In a similar manner, the Southwest Corridor plays a large role in actively reinforcing this dialogue of racialization within Jamaica Plain. Much like Green Street, the Southwest Corridor encompasses an evolving history shaped by a series of past and present processes. Before it was the linear park we experience today, the Southwest Corridor was the potential site for an eight-lane, mostly elevated extension of the I-95 highway. Proposed in 1948, the highway extension was intended to run through the Hyde Park, Egleston Square, and Roxbury communities of Jamaica Plain. After years of organized opposition and grassroots mobilization, the people of Jamaica Plain successfully halted the construction of the bypass. Instead, the Southwest Corridor was granted to the community; construction began in 1977. Since its establishment, the Southwest Corridor has facilitated a series of urban dynamics that have forever remained a part of Jamaica Plain’s social fabric. These dynamics can be attributed to the park’s unique placement between Lamartine and Amory Street. When observing the redlined maps published by the Federal Housing Administration (FHA) in 1934, one will notice that Amory Street, the westernmost boundary of the corridor, is also the easternmost boundary of the red-lined region in Jamaica Plain, namely Egleston and Roxbury, denoting a “hazardous” and “undesirable” region. Whether this placement was intentional or not, it has fostered a visible divider in a region otherwise invisibly separated.

The discourse regarding the Southwest Corridor as a visible divider and Green Street as a connector is further explored throughout my StoryMap. By highlighting the physical and non-physical differences that are present on the opposite sides of the linear park, I present an understanding of the Southwest Corridor that considers its role as the “unofficial, official” border between the two separate hemispheres of Jamaica Plain-- with Green Street as an active gradient between the two. Establishing this context allows one to further explore the dynamics brought upon by the corridor, especially in regards to The Emerald Necklace. On the Washington Street hemisphere of the Southwest Corridor, residents are granted easy access to Franklin Park; on the Centre Street hemisphere, residents are granted access to the Arnold Arboretum, Jamaica Pond, and the entire remainder of the Emerald Necklace (as a reminder, Washington Street is largely lower-income, and Centre Street as generally middle-high income). This discussion reflects upon a common pattern seen in urban spaces everywhere that juxtaposes affluence with access to green spaces.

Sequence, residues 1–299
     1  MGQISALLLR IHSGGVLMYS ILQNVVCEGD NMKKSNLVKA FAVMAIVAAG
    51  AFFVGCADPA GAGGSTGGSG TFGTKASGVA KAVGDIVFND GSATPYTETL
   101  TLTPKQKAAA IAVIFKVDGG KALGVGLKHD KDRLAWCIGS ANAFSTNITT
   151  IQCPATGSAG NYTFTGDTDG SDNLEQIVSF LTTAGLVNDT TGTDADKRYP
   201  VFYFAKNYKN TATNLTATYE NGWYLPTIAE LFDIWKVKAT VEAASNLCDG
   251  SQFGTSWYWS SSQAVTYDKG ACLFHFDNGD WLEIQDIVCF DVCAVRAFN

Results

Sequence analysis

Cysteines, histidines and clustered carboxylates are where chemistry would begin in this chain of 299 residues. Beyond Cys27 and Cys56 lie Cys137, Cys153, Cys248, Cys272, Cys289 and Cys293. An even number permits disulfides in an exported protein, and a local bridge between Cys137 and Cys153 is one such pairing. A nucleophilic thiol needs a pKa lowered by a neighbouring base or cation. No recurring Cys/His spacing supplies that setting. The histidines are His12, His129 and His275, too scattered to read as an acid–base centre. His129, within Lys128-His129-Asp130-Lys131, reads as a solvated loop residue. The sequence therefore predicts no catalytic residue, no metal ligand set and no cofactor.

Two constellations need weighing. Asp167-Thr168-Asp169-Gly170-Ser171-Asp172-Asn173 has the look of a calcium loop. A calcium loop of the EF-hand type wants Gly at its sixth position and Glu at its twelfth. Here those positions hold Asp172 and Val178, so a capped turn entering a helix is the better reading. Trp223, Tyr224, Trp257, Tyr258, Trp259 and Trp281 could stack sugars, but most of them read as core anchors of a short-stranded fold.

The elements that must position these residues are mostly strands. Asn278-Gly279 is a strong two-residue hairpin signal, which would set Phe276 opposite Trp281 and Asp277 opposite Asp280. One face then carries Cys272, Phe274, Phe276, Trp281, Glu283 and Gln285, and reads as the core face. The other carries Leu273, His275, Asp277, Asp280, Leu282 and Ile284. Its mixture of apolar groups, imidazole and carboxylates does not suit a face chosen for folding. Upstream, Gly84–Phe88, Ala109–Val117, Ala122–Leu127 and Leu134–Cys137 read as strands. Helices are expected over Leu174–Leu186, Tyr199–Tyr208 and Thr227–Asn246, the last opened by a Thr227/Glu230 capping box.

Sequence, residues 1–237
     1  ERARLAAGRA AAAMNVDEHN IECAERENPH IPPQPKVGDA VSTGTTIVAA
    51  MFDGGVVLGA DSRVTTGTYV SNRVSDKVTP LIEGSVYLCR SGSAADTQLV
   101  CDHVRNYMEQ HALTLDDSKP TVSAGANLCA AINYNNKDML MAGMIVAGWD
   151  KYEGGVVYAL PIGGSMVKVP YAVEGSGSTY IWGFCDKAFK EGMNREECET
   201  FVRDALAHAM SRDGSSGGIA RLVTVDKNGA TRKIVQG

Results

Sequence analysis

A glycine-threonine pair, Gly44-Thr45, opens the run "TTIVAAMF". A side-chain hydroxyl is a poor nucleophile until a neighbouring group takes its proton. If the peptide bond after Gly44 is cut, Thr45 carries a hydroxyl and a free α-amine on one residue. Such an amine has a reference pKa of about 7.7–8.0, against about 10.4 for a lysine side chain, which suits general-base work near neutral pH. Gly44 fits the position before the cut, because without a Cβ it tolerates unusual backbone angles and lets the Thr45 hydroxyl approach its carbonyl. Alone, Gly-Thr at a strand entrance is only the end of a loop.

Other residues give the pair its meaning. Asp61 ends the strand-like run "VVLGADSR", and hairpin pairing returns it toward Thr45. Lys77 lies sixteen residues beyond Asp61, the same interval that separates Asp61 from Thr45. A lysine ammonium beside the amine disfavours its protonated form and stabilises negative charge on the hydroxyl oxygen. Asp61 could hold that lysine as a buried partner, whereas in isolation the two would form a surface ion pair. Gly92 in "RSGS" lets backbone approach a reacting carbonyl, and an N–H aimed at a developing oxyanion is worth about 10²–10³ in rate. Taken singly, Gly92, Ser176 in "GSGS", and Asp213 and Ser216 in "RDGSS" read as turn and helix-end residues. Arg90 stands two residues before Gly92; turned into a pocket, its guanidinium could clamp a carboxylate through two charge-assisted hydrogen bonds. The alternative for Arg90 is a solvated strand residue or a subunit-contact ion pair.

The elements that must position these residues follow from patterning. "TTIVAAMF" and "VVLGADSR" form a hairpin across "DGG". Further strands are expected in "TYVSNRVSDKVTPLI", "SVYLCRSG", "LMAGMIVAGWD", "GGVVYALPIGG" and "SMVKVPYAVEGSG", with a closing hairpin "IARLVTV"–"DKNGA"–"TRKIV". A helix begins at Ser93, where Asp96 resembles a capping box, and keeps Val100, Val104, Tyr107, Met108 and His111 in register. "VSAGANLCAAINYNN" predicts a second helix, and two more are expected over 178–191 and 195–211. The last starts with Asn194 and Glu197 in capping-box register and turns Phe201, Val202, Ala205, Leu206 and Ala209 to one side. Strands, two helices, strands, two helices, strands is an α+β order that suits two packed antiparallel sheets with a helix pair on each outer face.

The ultimate goal of my StoryMap tour is to uncover these forgotten and invisibilized narratives. A result of continuously evolving histories, these narratives help foster an understanding of the racialization we experience throughout the Jamaica Plain landscape. They are very important for not only articulating this understanding, but also for providing a comprehensive account on the impacts that these forces may have on a single community.

The Boston and Providence Railroad Co. station at Green Street. (JPHS)

Green Street, once a main street filled with grocers and local artisans. (JPHS)

Proposed plain for the I-95 highway extension. (The Bay State Banner)

Redlined map of Jamaica Plain. (Mapping Inequality)

Old elevated Orange Line. (JPHS).